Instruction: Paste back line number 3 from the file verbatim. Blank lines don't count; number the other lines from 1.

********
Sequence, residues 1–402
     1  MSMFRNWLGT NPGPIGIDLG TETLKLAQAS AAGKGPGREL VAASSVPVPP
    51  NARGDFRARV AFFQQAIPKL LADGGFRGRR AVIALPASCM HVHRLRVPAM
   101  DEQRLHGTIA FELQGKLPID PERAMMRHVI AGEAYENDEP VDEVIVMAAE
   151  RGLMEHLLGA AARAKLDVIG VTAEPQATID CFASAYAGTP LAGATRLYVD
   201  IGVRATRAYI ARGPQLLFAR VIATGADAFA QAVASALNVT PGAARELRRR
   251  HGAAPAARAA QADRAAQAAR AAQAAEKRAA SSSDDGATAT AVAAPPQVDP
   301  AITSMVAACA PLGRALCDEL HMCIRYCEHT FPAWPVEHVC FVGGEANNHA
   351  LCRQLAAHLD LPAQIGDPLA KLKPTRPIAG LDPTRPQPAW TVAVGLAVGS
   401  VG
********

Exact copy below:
    51  NARGDFRARV AFFQQAIPKL LADGGFRGRR AVIALPASCM HVHRLRVPAM